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  • Author: Silvia Aranda-García x
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Alba Pardo, Jim McKenna, Anna Mitjans, Berenguer Camps, Silvia Aranda-Garcia, Juanjo Garcia-Gil and Mariona Violan

Background:

Physicians’ own Physical Activity (PA) and other health-related habits influence PA promotion. The current study identifies the PA level, according to the current PA recommendations and other health-related habits of physicians from the Catalan Medical Council.

Methods:

2400 physicians (30–55 years) were randomly selected; each received a self-administered mailed questionnaire identifying medical specialization, work setting, health self-perception, body mass index (BMI), PA, and smoking habits.

Results:

762 physicians responded (52% female). Almost 1 in 2 (49.3%) exercised sufficiently, nearly all selfperceived good health, while 80.5% were nonsmokers. Almost 6 in 10 males reported overweight or obesity (56.9%) versus 18.2% of females. Active physicians dominated specific groups: (1) aged 45–55 years, (2) specializing either in primary care or surgery, (3) working in the private sector, (4) BMI < 25kg/m2, (5) perceiving themselves in good health, or (6) having free leisure time.

Conclusions:

Only half of Catalan physicians met current PA recommendations; male physicians were particularly at risk for overweight/obesity. Overweight and under-exercise were associated with private workplaces and positive health perceptions, meaning that it is it is now possible to target inactive and/or overweight Catalan physicians in future interventions.

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Silvia Aranda-García, Albert Busquets, Antoni Planas, Joan A. Prat-Subirana and Rosa M. Angulo-Barroso

Purpose:

Gait speed is related to physical function in older adults. This cross-sectional study examined the best predictors of maximal gait speed (MGS) among physical abilities, and general factors in healthy, rural community-dwelling older adults.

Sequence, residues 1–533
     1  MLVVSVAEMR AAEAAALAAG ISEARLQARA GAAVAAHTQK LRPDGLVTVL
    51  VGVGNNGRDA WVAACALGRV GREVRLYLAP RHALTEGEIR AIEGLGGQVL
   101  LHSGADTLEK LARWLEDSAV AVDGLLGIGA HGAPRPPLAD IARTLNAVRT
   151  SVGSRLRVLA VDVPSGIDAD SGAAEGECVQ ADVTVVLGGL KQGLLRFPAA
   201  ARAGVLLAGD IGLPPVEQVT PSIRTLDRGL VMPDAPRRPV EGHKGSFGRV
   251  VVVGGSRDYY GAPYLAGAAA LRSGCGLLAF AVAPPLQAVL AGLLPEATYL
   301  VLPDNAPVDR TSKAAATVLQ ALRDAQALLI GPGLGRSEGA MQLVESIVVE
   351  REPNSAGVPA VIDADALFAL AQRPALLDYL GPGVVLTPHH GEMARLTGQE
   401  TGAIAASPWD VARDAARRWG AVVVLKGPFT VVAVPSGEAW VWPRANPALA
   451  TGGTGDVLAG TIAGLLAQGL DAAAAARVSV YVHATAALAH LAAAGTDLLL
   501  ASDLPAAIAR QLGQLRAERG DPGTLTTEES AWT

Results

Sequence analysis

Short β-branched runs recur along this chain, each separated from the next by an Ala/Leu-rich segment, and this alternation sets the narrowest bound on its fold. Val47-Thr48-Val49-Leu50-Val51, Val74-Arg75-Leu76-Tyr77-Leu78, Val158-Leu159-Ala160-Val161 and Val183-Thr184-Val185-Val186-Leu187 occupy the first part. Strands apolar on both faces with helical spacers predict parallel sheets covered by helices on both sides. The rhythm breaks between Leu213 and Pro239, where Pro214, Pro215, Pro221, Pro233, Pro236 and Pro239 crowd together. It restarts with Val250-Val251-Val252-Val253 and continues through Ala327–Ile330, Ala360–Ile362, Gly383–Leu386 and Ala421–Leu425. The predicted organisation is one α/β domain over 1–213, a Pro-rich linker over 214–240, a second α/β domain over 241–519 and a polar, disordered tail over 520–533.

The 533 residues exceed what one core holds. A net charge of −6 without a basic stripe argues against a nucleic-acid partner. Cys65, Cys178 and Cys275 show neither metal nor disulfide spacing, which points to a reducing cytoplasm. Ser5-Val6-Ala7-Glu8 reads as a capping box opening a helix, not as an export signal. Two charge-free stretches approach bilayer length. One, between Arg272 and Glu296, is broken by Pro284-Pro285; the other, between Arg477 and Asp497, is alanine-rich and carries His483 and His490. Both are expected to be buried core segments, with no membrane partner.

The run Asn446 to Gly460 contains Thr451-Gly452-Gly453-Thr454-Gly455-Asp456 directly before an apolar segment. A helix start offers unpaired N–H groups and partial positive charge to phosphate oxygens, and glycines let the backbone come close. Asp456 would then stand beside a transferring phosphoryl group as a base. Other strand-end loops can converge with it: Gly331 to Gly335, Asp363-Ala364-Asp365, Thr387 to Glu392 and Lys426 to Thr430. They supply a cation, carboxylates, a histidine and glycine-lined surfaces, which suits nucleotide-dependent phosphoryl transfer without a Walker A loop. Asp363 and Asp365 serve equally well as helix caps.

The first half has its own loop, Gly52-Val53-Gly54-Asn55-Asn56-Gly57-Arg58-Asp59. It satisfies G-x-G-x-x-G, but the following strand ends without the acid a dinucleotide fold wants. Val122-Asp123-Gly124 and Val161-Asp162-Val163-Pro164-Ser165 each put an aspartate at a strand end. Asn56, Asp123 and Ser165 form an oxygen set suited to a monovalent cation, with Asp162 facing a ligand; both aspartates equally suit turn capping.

Methods:

MGS, muscle strength, and postural sway were measured in 55 community-dwelling participants (age, 72.1 ± 6.8, range 61–87 years; 72.7% women). Two stepwise regressions were used to find MGS predictors in two models: physical abilities and global.

Results:

Strength of knee extensors with 60° of knee flexion (KStrength60°) and maximal distance in the anterior-posterior direction with eyes closed explained 50.2% of MGS variance (p < .05) in the physical abilities model. KStrength60°, age, and level of physical activity explained 63.9% of MGS variance (p < .05) in the global model.

Conclusions:

Regardless of the model, KStrength60° was the best predictor of MGS in rural female older adults. Future research should examine the generalization of these findings to rural male older adults.

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Silvia Aranda-García, Albert Iricibar, Antoni Planas, Joan A. Prat-Subirana and Rosa M. Angulo-Barroso

This study evaluates the separate effect and retention of 12-week traditional (TE) and horse (HE) exercise programs on physical function in healthy older participants (61 to 87 years old). Thirty-eight participants were randomly assigned to three groups: TE (n = 17), HE (n = 10), and control group (n = 11). TE and HE underwent a supervised exercise program (3 day/week). Maximal gait speed, muscle strength, and body balance were assessed at weeks 0, 12, and 16. Only TE and HE displayed significant improvements (P < .05) in knee extensor strength, and only HE had faster gait speed. Marginal balance improvements were found only in HE in the medial-lateral direction. However, TE showed larger improvements in handgrip than HE. The largest retention was in knee extensor strength but most of the exercise effects were lost in the follow-up. Besides TE, exercise with a horse may be an alternative option to older adults, provided that they want to interact with the animal.